• I don’t know how to care for students in an individualized way when I’m staring at 20 faces on one screen. In those same breakout rooms, I can’t keep an eye on the student who has a hard time speaking up and pop into the group to make sure they feel safe. I can’t remind the idea person with one knowing glance to make sure they’re leaving space for other people’s thoughts.
  • I can’t casually assess how students interact with each other during drop off and pick up or transition moments. It feels impossible to get a feel for their comfort with each other in the same way. 
  • I can’t high five them. I can’t have a student come up and ask for a hug on the last day of class. I can’t take a moment to walk a student to their car and tell their parent or caregiver that they came up with some brilliant ideas in class that day.

 

Things that are the same:

  • I can look around the “room” and try to discern where my students are at. The information I receive is different, sure. But it’s there. How are they feeling? What does it mean to them to have a space in which they get to be creative? Is it an escape? Is it a release? Is it a way to get the sillies out? I can still meet them where they are to the best of my ability.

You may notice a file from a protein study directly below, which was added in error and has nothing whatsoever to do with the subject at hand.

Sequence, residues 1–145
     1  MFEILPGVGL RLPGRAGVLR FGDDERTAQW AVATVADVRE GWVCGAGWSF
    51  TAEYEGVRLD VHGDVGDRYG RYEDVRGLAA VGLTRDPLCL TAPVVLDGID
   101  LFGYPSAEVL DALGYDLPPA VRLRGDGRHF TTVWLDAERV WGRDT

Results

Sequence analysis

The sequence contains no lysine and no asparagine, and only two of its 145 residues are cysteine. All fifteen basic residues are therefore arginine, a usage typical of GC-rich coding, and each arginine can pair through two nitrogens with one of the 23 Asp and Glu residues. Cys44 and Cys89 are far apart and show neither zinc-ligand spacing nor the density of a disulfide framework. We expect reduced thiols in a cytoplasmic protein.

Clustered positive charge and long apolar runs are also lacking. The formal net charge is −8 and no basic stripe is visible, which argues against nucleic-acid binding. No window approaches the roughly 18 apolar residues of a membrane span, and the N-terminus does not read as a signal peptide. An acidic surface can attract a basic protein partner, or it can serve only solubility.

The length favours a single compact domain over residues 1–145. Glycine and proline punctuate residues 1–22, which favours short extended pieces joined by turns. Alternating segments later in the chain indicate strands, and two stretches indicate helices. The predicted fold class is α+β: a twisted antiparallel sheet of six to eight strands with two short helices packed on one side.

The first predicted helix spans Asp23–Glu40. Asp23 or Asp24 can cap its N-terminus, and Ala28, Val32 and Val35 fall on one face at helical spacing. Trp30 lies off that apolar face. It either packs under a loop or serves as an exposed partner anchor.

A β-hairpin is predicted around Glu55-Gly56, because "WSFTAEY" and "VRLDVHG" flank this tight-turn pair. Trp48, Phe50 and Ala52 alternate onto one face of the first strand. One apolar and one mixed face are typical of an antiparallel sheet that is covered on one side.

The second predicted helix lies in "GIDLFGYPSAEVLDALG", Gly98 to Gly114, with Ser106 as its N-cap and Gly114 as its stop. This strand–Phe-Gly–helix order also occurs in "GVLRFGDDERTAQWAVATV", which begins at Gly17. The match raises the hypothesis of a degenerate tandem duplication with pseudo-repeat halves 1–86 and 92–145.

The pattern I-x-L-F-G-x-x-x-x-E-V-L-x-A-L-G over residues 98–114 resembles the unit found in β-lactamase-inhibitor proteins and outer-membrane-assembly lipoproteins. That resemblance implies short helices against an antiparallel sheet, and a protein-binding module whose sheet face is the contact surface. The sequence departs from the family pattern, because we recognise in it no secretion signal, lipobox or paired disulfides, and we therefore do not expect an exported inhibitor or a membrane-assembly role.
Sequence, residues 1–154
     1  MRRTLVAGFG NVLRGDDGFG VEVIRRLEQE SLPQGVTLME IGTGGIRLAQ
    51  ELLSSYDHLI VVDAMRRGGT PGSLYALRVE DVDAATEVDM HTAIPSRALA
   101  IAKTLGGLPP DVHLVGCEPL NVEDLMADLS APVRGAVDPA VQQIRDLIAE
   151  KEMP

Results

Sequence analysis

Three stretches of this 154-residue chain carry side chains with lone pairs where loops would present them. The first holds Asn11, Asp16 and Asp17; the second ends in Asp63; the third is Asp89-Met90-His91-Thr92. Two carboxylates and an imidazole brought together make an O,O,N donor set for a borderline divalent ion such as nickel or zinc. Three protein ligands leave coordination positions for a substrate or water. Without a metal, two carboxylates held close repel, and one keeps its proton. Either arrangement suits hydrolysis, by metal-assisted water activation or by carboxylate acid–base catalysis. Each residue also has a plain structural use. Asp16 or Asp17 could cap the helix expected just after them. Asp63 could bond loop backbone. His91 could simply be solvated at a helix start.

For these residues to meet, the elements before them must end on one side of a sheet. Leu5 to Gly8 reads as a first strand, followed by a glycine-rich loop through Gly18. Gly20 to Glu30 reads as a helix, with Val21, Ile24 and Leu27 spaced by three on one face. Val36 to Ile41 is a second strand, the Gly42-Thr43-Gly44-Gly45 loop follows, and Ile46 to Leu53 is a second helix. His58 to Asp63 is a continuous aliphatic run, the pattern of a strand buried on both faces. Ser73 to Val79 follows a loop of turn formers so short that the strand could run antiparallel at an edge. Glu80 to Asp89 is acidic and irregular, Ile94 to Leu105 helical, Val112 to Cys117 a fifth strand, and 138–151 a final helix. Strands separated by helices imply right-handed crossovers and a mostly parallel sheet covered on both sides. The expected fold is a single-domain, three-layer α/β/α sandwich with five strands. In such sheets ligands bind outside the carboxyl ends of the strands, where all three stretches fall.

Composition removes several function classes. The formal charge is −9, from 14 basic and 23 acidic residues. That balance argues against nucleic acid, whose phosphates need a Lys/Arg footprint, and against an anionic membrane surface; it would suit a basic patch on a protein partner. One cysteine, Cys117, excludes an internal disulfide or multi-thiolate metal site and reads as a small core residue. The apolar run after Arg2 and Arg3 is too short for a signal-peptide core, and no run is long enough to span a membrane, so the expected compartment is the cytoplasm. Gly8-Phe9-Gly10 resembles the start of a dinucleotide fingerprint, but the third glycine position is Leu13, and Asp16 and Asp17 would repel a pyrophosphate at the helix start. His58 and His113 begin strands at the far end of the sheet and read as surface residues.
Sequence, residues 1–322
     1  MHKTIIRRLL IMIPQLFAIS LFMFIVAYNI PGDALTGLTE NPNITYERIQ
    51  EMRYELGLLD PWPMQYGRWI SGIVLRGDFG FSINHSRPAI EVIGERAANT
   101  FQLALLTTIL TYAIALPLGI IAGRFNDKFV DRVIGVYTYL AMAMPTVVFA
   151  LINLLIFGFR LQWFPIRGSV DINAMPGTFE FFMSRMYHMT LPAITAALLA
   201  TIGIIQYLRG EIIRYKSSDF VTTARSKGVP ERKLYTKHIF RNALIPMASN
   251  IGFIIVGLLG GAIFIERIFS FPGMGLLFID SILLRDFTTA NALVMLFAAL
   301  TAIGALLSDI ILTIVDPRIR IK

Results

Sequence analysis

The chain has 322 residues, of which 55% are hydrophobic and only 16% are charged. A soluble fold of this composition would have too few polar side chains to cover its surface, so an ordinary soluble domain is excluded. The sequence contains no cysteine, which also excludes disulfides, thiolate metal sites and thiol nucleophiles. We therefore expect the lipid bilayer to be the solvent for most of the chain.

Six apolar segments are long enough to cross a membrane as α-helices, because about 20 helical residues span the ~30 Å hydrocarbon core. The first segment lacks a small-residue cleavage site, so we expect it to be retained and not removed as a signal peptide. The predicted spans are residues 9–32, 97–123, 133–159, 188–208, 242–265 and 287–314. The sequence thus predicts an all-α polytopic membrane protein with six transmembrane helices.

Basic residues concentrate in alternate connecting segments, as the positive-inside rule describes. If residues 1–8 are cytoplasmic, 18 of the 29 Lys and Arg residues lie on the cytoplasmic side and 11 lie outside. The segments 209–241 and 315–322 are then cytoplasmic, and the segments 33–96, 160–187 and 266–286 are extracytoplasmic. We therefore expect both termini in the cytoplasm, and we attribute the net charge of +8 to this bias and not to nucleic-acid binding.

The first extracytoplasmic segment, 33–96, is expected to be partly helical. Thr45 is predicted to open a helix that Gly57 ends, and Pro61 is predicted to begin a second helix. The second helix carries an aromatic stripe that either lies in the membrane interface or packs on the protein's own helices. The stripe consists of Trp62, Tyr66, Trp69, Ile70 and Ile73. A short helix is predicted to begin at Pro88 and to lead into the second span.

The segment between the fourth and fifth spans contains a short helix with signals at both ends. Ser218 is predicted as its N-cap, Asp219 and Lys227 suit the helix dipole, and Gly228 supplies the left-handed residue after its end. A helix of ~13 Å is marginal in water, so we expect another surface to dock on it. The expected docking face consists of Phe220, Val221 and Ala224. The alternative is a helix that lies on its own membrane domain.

• We can find common ground. Someone makes a Harry Potter reference (I adore that this has not changed since my own childhood), everyone laughs, they ask to know what house I’m in. (Hufflepuff, and proud of it.) 
  • Students support each other. If one student struggles with their lines as they adjust to Shakespearian language, then another chimes in with words of encouragement. 
  • We can create a true ensemble. One that is committed to working together and cheering on each member. A kid tries out a funny accent they’ve created for a character. The Zoom room gets filled with thumbs up and applause emojis, some kids unmute themselves so we can hear their laughter. It’s different, sure. But it’s also the same. It’s kids showing up for each other in whatever way they can. 
  • It gets messy. Sometimes you try out a new warm up or game and it’s a dud. I still invite kids into the process, “Listen, they can’t all be winners! Thank you for trying that experiment with me.”